EJB x

Mashed

Hello there and welcome to Part I of, let’s say, two blogs about my brain function. I assume it’ll be in two parts; I have not written them yet.

The first post will be something of a downer as I describe what it is like to exist with constant Chemo Brain. As a romcom sort of girl however, I intend to pick things back up in Part II with an inspirational story of how I manage to fine some respite from my brain’s drug induced default position of blurry shapes.

So, back to the downer that is Part I…

I need to be clear about something that is commonly misunderstood. Fatigue as I know it now, is not just limited to tiredness. Of course tiredness is a big part of it, but there is so much more to it. So much more that is hidden from your view.

Essentially, my brain is straining and I know it is straining. In the last two months, as my fatigue has increased, so too has my inability to concentrate, think, remember and reason. Don’t get me wrong, I am not sitting at home all day long unable to tie my shoe laces. That’s a bad example, for I actually cannot do up my show laces, but that is not because I do not know how, it’s because my back forbids it. My recent days and weeks mostly blur into one big lump, where time passes quickly, with a noticeable lack of cognitive brain function and imagination. My time passes quickly and yet I do not know how, nor can I recall any use of something I once knew as ‘imagination’. I miss it.

This blog is a good example of my inability to think. When this all started, as much as I noticed that the drugs were frying my brain, I could still form sentences that did not always include ‘of course’, ‘so’ and ‘obviously’. Writing was easy. It’s not easy for me now. I like to think that I am rather witty, but realistically, after a glance through my most recent posts, my wit may well be in my past.

Believing something is better than nothing, I will continue to stick to the same old vocabulary to keep people abreast of My Myeloma developments, even though I know the content is becoming dryer than my skin post radiotherapy. I sit down to write a blog and more often than not, a blankness takes over and what I want to say cannot be said because the words just bounces around my head. If I can overcome that particular hurdle, I then find that the act of writing things down, something that remains important to my overall wellbeing, uses up my daily thought allowance. I blame this for my current, simmering level of madness. That is my story and I am sticking to it.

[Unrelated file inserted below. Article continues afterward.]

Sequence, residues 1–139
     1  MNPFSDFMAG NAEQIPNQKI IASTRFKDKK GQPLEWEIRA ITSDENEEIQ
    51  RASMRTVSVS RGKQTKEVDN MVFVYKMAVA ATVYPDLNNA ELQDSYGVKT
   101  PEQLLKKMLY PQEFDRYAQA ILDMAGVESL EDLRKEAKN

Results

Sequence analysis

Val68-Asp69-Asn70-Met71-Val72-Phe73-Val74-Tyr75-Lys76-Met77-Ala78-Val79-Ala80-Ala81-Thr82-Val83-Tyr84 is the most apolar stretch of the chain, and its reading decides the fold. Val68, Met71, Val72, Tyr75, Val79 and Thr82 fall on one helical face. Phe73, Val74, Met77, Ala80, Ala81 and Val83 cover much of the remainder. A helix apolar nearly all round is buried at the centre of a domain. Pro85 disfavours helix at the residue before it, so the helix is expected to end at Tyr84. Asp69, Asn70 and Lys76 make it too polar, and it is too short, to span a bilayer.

Waking up one day and realising that your ability to communicate is not what it once was, is not something to relish nor welcome.

After some thought, I still view my treatment as a means to an end, but the truth is, my treatment comes at a big cost that few people recognise and I can quantify. All I know for certain is that I cannot help my boringness, I plead with thee.

I watched a film last weekend, I will not tell you the name of it because I am about to give away a big part of the plot. One of the characters is accused of running somebody over with his car and his defence is that he cannot remember doing it. Why you wonder? The answer is Chemo Brain. An actor playing a doctor actually says ‘Chemo Brain’. Now, I have no intention of running somebody over in a car, I cannot look at my blind spot anyway, but it made me think, slowly, about the losses I have had to deal with on my current treatment… I do not think that the plot development I mentioned is implausible.